As we finished eating, I asked the kids if they wanted to play a simple game of tik-tak-toe. For the first 10 minutes, we took turns playing. However, since no one wanted to wait, we decided to arrange some rules and made it so that all of us can play at the same time. We expanded the grid and set the rule that one needs to have four of their marks in a row to win. I was not sure how it would work but it turned out to be a very interesting game. Although we did not count how many times each of us won, I believe Alex won the most. We all enjoyed ourselves!

[8:00 pm] Bed Time

People in Cuncani go bed at around 8pm since they need to wake up at 5:30 am every day. I’m always excited to sleep at Cuncani since I am used to going bed much later time. Even though the temperature of Cuncani can get very low at the night, a comfortable bed and layers of blankets keeps me warm during the night.

[5:30 am] Morning

As the outside starts to get brighter, every one of the family member wakes up and starts preparing for their day. Sra. Ricardina made breakfast for everyone. This day, Sr. Sergio needed to go to the farm to cultivate the land (Yapui), which he said it would take him 2 hours to get to. Alex and Jessica left the house by 6:30 am to hop on the truck from Cuncani to their secondary school in Lares. The person who has most relaxing time in the morning is Rolando, who only needed to leave the house at around 8 am to go to primary school in Cuncani. I woke up at around 6 am and left the house at 6:45 am to the school for the meeting at 7 am at the school yard. It was a pleasure for me to stay at their house.

I always enjoy staying with families in Cuncani. It is a great opportunity for me to be out of a city, relax, enjoy beautiful scenery, and experience the life in Andes (weaving, cooking, agriculture etc.) But more than anything, the delightful part of the visit is to get to know the people and spend time together. Surrounded with a welcoming environment and sharing our lives and cultures is what makes my visit to Cuncani so special. It is not where you go, it is who you are with that makes your visit memorable. I believe this human exchange is something not many tours can offer. The tourism circuit NC is currently promoting is not only to allow the families to increase their income, but also aims to enrich both visitors and local families’ lives by this valuable human exchange.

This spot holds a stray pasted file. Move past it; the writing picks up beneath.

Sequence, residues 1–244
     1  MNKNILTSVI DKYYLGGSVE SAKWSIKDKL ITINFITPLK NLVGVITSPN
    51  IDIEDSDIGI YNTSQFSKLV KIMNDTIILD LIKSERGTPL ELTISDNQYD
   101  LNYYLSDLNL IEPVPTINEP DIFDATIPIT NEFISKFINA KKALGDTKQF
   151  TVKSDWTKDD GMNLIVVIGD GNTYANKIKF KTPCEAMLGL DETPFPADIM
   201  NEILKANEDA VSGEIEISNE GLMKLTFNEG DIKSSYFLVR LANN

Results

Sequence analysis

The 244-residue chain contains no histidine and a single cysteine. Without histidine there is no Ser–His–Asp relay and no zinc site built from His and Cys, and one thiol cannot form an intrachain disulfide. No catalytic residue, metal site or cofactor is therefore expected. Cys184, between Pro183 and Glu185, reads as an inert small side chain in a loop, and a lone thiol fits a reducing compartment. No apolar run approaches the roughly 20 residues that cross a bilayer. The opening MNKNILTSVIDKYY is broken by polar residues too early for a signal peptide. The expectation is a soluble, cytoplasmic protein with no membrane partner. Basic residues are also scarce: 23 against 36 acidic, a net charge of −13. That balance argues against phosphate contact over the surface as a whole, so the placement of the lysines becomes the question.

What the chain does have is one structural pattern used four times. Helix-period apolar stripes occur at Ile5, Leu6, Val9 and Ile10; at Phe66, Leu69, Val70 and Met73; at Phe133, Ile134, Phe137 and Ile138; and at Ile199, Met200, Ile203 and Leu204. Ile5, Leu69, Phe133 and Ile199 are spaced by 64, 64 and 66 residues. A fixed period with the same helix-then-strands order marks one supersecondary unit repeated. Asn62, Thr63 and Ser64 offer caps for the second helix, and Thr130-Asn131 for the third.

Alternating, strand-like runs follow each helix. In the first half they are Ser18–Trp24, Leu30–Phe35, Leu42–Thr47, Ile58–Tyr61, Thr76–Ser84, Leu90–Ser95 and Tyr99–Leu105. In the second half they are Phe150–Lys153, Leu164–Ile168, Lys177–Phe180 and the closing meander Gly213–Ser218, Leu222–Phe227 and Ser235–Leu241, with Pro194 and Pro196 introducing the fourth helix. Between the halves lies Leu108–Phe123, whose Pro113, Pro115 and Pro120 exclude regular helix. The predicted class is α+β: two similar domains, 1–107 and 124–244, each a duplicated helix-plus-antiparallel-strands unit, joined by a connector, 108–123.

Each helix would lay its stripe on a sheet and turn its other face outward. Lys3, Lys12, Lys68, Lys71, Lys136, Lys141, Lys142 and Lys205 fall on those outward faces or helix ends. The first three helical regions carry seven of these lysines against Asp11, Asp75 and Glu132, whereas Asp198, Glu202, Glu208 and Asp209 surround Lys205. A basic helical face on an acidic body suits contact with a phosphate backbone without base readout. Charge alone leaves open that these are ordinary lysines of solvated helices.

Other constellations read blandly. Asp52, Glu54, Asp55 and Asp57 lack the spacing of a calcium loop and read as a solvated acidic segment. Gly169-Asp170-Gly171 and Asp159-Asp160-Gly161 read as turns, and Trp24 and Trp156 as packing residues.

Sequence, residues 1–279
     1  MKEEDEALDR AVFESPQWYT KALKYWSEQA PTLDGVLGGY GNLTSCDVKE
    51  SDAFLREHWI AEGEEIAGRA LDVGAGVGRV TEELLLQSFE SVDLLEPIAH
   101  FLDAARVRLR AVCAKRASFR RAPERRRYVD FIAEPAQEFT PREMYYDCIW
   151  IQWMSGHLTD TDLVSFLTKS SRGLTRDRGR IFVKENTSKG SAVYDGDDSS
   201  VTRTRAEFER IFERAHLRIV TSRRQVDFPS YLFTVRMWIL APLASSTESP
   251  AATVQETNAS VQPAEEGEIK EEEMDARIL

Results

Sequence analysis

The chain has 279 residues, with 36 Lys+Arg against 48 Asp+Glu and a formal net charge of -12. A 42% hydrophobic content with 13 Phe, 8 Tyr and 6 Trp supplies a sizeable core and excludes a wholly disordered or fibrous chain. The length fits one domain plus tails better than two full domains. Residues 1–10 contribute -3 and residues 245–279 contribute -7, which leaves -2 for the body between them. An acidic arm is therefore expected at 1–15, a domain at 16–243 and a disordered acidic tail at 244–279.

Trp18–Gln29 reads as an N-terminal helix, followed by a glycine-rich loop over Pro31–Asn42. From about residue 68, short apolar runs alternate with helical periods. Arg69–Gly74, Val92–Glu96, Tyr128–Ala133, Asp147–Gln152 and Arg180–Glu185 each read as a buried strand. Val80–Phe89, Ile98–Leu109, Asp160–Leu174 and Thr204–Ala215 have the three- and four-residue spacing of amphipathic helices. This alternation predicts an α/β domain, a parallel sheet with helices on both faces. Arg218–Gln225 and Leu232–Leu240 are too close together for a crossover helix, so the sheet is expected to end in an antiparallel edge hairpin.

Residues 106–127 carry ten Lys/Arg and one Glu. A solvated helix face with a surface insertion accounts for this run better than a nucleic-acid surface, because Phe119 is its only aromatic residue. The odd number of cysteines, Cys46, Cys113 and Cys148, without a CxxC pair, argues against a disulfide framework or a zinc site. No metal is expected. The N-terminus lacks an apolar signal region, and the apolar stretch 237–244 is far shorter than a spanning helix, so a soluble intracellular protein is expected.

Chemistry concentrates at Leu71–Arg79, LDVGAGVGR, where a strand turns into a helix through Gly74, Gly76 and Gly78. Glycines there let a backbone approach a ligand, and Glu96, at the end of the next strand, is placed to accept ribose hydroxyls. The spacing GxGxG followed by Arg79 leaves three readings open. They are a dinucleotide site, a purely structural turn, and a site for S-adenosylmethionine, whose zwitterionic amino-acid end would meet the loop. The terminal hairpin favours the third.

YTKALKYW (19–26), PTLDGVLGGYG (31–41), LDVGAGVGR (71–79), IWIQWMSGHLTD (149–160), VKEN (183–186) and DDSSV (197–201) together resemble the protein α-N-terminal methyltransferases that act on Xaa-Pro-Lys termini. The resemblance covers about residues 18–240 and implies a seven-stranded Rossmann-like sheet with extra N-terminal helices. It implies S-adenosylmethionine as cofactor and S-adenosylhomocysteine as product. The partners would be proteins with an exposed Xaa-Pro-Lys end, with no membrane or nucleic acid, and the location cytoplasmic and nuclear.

[Thinking Aloud] Changing habits


“Did you read the book I gave you?”

“Nah, reading is not my thing.”

“Good, stay naive.”


Just a few days ago, our donor for the Sustainable Home Project, Jim Norgate (Dreams to Beams), visited Urubamba. While at dinner one night, we had a conversation of how keeping one’s own finances can be beneficial. This conversation led to a discussion of having a good habits. Next day, I talked with Jim about how I am struggling to get into the habit of reading. Although many people have repetitively mentioned the importance of reading books, I was never able to get into the daily habit of reading.